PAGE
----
11.6 Using Machine Learning Techniques to Predict Near-Term Severe Weather Trends

Thursday, 11 January 2018: 2:45 PM
Ballroom F (ACC) (Austin, Texas)
David Harrison, CIMMS/Univ. of Oklahoma/NOAA/NSSL, Norman, OK; and C. Karstens and A. McGovern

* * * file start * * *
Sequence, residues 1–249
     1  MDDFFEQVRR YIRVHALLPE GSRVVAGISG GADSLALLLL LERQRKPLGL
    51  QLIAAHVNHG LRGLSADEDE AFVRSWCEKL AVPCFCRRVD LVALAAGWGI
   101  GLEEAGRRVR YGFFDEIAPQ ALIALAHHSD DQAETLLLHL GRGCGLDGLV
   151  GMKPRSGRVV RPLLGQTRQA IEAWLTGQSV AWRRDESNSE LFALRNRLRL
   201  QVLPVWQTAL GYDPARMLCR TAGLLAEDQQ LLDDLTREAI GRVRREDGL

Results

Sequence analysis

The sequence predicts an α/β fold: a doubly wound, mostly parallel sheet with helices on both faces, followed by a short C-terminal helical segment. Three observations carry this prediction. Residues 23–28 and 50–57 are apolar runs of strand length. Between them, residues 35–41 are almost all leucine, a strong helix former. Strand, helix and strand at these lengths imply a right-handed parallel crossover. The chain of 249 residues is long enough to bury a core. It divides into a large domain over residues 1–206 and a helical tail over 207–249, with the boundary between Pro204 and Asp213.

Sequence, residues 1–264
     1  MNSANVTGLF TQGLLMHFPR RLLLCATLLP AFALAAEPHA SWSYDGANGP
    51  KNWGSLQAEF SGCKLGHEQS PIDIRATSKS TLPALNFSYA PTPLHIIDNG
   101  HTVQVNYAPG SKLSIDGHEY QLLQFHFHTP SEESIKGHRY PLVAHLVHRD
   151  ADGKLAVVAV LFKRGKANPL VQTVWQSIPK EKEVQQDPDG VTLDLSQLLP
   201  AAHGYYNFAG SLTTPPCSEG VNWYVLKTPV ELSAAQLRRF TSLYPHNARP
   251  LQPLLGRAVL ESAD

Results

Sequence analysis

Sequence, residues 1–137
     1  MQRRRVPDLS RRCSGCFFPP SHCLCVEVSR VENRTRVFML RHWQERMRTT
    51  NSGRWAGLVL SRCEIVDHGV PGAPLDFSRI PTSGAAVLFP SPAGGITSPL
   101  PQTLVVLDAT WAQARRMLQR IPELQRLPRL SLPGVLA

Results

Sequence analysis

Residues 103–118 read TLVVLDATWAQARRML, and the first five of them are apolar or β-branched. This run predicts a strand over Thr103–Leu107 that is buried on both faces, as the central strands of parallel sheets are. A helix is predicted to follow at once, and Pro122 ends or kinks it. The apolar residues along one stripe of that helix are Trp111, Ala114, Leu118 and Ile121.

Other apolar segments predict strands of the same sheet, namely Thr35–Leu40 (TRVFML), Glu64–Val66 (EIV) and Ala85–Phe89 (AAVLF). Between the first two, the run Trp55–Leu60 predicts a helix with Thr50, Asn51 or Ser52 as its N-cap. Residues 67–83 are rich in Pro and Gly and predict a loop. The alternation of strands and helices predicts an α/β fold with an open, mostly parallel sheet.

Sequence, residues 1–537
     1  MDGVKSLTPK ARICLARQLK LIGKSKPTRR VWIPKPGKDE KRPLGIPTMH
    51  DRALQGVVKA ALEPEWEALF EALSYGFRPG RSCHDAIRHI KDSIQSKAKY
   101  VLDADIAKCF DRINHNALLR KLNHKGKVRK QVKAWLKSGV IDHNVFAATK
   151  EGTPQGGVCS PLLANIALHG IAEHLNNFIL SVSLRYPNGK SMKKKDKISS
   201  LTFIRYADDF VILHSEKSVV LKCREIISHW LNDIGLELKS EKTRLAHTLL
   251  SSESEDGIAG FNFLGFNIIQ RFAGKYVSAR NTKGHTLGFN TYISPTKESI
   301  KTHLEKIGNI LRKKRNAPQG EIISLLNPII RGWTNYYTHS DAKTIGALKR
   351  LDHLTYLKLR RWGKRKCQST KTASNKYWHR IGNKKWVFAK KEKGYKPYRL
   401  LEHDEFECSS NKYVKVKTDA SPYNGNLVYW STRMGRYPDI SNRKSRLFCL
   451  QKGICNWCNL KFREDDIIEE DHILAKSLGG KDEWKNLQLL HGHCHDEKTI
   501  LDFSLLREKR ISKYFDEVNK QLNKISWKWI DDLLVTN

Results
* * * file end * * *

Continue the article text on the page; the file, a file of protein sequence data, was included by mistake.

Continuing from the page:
The prototype probabilistic hazards information (PHI) warning system allows National Weather Service (NWS) forecasters to issue dynamically evolving severe weather warning and advisory products, which can provide end users with specific probabilities that a given location will see severe weather over a predicted time period. When issuing these products, forecasters are given a storm’s diagnostic probability of producing severe weather via the National Oceanic and Atmospheric Administration (NOAA) / Cooperative Institute for Meteorological Satellite Studies (CIMSS) ProbSevere model, and are then asked to forecast these probabilities along a trend graph in the warning creation software. However, feedback from several years of experimentation suggests that forecasters are unfamiliar with how these probabilities tend to evolve in different convective situations. To help address this issue, a machine learning model was developed to predict how the probability that a storm will be severe will prognostically change with time. This model uses the ensemble average of six members, consisting of ADA boosting regression, gradient boosting regression, and elastic net models trained on variables obtained from the initial ProbSevere model, environmental parameters, and a storm’s history, to predict future ProbSevere probabilities over a predicted duration of a storm. Preliminary verification suggests that the model has skill compared to a simple linear decay, and an early implementation into the PHI warning software was well received by forecasters during the 2017 Spring Experiment held at the NOAA Hazardous Weather Testbed (HWT).
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